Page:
Family separation bills blocked on Senate floor
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Senators blocked two competing bills on Wednesday aimed at ending the separation of migrant families detained along the U.S-Mexico border, the latest sign that bipartisan talks in the chamber have failed to resolve the matter.

Sen. Thom TillisThomas (Thom) Roland TillisSenate hears from Biden's high-profile judicial nominees for first time Senate Democrats take aim at 'true lender' interest rate rule Former North Carolina chief justice launches Senate campaign MORE (R-N.C.) tried to get consent to pass a Republican-only bill that would allow families to be detained together while they work their way through the U.S. court system. The measure also would increase the number of immigration judges.

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"I think it's important that people understand that we're making progress, and it's pretty important to keep the issue and this discussion active in the U.S. Congress because Congress needs to act," Tillis said.

But Sen. Mazie HironoMazie Keiko HironoSenate Democrats push Biden over raising refugee cap Senate tries to shake off graveyard status Lawmakers brace for bitter fight over Biden tax plan MORE (D-Hawaii) objected to the bill, calling the legislation a "partisan political stunt" that would "distract the American people from the crisis created by Donald TrumpDonald TrumpDemocrats, activists blast reported Trump DOJ effort to get journalists' phone records Arizona secretary of state gets security detail over death threats surrounding election audit Trump admin got phone records of WaPo reporters covering Russia probe: report MORE's zero tolerance policy."

"To continue to enable Donald Trump to pursue his anti-immigrant agenda makes us complicit in his cruelty and injustice," she added.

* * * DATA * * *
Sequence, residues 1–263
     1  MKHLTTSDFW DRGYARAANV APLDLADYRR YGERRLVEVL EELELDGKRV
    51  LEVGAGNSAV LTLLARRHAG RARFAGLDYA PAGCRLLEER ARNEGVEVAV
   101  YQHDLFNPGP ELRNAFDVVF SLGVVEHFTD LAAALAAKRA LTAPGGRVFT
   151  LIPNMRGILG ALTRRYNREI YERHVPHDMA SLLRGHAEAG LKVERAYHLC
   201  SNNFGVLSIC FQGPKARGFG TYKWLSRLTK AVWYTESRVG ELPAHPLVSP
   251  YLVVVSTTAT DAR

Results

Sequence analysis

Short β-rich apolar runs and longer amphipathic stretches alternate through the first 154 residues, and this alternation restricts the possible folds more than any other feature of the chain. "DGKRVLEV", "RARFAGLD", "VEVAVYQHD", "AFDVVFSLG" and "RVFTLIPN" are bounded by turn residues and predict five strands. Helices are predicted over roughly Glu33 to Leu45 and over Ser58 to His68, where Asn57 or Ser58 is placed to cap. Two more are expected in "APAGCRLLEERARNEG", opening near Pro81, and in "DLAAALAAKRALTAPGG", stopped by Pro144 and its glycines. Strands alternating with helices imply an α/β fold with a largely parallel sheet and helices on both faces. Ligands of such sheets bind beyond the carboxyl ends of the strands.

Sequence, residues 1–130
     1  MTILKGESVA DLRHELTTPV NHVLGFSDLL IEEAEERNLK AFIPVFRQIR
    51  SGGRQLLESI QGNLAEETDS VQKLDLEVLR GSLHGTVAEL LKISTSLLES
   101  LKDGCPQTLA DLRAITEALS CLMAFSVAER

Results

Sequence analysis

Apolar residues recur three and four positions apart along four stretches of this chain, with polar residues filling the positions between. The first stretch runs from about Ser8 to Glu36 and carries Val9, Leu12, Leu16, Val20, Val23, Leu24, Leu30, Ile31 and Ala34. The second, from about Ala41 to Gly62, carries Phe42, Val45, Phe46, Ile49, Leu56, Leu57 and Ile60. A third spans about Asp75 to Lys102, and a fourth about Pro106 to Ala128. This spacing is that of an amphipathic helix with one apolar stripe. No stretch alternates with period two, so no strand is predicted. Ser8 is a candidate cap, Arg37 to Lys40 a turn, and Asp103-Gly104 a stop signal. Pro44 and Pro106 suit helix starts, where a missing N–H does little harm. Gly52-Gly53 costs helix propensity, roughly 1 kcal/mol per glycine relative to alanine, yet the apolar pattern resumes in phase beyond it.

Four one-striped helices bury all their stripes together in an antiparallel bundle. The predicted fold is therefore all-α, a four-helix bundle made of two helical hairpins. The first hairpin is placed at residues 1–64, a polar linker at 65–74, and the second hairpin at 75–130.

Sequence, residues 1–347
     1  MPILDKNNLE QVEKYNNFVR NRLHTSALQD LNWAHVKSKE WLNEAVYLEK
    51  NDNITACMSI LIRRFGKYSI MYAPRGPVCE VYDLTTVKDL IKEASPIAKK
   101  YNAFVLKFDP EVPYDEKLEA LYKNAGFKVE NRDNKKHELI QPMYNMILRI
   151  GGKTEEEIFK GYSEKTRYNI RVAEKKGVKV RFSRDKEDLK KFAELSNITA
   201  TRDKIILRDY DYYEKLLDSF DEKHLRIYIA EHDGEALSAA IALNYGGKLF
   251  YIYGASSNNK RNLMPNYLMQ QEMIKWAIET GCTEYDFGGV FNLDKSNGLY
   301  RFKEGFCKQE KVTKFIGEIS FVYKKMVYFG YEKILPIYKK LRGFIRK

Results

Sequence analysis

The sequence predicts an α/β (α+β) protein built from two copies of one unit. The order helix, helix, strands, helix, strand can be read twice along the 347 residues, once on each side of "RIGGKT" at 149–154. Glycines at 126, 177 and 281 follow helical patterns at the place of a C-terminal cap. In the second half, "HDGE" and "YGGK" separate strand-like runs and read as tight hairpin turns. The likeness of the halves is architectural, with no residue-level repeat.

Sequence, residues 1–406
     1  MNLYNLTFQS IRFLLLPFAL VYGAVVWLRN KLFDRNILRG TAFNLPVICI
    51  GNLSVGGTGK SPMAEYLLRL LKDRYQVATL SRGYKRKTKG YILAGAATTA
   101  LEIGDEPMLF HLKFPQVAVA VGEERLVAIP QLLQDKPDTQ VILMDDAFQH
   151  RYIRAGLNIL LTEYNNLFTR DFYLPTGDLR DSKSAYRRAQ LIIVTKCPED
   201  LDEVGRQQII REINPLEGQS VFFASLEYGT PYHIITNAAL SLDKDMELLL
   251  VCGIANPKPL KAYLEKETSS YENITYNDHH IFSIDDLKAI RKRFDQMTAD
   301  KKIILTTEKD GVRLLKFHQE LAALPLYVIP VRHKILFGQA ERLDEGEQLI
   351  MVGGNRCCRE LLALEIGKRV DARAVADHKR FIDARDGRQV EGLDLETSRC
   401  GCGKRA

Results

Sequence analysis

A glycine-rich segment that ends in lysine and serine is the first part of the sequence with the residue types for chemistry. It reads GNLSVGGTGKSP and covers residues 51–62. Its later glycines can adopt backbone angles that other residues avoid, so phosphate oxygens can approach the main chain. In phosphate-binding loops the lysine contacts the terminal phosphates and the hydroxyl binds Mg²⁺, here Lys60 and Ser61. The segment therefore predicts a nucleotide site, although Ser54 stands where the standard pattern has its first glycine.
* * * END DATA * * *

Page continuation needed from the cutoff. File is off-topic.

Sen. Dick DurbinDick DurbinAmerica's Jewish communities are under attack — Here are 3 things Congress can do Schumer 'exploring' passing immigration unilaterally if talks unravel On The Money: Incomes, consumer spending soared in March | Harris, senators work behind scenes on jobs package | Biden cancels some border wall construction MORE (D-Ill.), in turn, tried to pass a bill that he said would tie together legislation from Hirono, to give unaccompanied children legal representation, with legislation from Sen. Dianne FeinsteinDianne Emiel FeinsteinSenate Democrats push Biden over raising refugee cap Lawmakers react to guilty verdict in Chauvin murder trial: 'Our work is far from done' Senate Democrats call on Biden to restore oversight of semiautomatic and sniper rifle exports MORE (D-Calif.) that would broadly let families detained along the border stay together with the “presumption” that it is not in their best interest to be detained.

But Tillis, noting Durbin's measure had just been introduced, objected to the Democratic bill.

"We have not had an opportunity to study it," he said. "But without analyzing and [reconciling] it against a bill that I'm actively involved in that the senator mentioned, I object."

The stalemate on the Senate floor comes as talks between Feinstein, Durbin, Tillis and Sen. Ted CruzRafael (Ted) Edward CruzCheney drama exposes GOP's Trump rifts Pollster Frank Luntz: 'I would bet on' Trump being 2024 GOP nominee Tim Scott sparks buzz in crowded field of White House hopefuls MORE (R-Texas) have hit a roadblock amid deep divisions about how to handle families detained along the U.S.-Mexico border.

Negotiations appeared to get off track earlier this month over two issues crucial to any agreement: what to do about the Flores settlement, which places restrictions on how long children can be detained, and alternatives to detaining families together indefinitely.

Democrats argue that Republicans want to water down or get rid of the Flores settlement, potentially creating a scenario where children could be detained indefinitely with their parents.

Tillis on Wednesday said that's a "false" narrative, adding that Republicans were looking at potential detention of 40-60 days and hoping they could reduce it further.

"What we're trying to do is figure out a reasonable, fair way to keep families together, to have families prioritized so that they can go before a judge and determine whether or not they have a legitimate asylum claim and move as expeditiously as possible," he said.